DISEASE STATUS (GASTROINTESTINAL)
Many of the classic studies of psychosocial factors in IBS were performed before the development of well-defined diagnostic criteria, when identification of the disorder was largely based upon the exclusion of organic disease [ 17, 40, 62, 63]. Such investigations may therefore over-represent the prevalence of psychoneuroses, as it has been shown by Thornton et al. [ 64] that the level of psychopathology identified by a study depends upon the criteria used to identify the patient group, and by Whitehead et al. [ 65] that studies based upon conventional diagnostic criteria elicit a higher degree of psychopathology than those based on more restrictive criteria.
It is therefore somewhat surprising that, in a number of studies, although diagnosis is based upon the clinical identification of IBS, the diagnostic criteria used are not stated [ 53, 63]. High levels of psychopathology have been found, however, despite the application of more restrictive diagnostic criteria [ 39].
Studies investigating psychiatric co-morbidity in IBS [ 66] are less common than those with more heterogeneous populations composed of functional bowel disorder patients. Ford et al. [ 25] provided a dangerous misnomer in the title of their 1987 paper, which refers specifically to IBS, yet assesses a patient population composed of those with either IBS or functional dyspepsia.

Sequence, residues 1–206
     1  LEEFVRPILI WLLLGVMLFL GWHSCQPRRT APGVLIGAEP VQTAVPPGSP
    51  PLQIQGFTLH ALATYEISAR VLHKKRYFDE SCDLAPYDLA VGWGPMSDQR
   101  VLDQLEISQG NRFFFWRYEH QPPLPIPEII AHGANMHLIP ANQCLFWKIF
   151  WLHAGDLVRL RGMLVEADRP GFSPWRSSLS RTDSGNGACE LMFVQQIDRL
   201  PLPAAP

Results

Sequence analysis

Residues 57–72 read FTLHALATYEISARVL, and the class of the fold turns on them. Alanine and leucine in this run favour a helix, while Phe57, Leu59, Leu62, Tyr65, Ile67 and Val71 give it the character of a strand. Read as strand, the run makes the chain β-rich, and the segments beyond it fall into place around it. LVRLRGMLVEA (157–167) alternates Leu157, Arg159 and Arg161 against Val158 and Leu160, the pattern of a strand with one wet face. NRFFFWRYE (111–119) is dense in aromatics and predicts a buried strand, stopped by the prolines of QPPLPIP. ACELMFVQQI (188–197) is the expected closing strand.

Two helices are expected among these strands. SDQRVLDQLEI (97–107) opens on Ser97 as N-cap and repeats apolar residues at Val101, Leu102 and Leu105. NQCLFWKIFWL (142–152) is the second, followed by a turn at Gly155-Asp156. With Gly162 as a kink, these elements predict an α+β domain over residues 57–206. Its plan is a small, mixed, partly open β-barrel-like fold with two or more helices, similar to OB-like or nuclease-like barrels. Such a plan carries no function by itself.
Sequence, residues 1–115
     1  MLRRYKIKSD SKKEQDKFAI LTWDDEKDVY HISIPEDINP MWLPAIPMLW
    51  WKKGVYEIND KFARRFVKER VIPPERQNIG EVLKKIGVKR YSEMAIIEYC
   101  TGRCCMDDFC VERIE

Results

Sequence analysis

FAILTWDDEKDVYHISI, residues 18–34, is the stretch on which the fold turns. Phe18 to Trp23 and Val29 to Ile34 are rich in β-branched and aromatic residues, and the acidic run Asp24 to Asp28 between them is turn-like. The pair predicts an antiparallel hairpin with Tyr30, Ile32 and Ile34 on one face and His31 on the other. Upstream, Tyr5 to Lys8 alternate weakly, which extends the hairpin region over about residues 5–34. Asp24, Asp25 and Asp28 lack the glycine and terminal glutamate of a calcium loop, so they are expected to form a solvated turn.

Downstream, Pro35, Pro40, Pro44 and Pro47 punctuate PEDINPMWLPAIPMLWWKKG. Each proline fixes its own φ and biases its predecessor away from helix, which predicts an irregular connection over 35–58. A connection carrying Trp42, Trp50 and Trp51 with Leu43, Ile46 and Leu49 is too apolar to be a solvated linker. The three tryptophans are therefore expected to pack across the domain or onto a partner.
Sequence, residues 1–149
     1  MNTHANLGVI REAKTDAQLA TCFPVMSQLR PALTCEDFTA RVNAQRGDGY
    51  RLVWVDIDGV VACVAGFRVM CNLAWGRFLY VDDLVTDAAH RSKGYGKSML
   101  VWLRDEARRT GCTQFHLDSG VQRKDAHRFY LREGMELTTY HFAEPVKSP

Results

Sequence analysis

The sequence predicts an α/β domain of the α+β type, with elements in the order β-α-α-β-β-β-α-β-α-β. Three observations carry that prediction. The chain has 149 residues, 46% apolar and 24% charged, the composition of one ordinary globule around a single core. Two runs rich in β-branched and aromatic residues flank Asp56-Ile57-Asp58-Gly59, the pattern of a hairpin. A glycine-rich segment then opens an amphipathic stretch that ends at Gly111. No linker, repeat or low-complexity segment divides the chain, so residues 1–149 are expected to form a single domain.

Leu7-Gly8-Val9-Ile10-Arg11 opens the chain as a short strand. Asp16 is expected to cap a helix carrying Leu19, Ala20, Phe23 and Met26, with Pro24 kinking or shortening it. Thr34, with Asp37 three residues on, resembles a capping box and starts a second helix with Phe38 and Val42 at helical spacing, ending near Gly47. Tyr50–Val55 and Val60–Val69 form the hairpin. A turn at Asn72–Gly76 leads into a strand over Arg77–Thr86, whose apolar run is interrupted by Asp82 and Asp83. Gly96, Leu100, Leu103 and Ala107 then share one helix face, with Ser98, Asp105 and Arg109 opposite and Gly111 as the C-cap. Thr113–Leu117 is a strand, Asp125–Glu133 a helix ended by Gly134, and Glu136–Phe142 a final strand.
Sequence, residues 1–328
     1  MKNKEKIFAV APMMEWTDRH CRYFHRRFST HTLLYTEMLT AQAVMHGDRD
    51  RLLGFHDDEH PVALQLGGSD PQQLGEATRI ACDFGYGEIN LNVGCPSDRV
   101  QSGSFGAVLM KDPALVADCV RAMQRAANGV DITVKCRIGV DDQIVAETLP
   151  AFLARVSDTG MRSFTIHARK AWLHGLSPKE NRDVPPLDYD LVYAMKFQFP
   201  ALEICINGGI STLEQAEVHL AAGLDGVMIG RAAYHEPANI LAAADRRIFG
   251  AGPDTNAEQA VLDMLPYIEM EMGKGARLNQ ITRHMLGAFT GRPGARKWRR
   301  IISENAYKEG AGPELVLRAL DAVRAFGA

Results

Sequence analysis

Diagnosis of IBS is itself a quandary. This is perhaps inherent in the nature of a syndrome, which by definition encompasses a range of experiences. Hislop [ 40] employed a definition based upon abdominal pain and altered bowel habit in the absence of organic disease, while others have excluded the need for an altered bowel habit, or abdominal pain [ 12], the latter allowing the inclusion of patients with painless diarrhoea, which by some criteria falls outside the definition of the syndrome.
Subsequent definitions of diarrhoea and constipation also vary widely. Whitehead et al. [ 61] defined diarrhoea as a frequency of stool exceeding two per day, while Sandler et al. [ 67] specified al least 21 motions in a week (the equivalent of three per day). Clearly, some subjects who would have been identified as diarrhoeals by the former definition would have been excluded by the latter. Similar discrepancies exist for all parameters of bowel function, identifying the need for the establishment of widely accepted definitions for commonly used terms.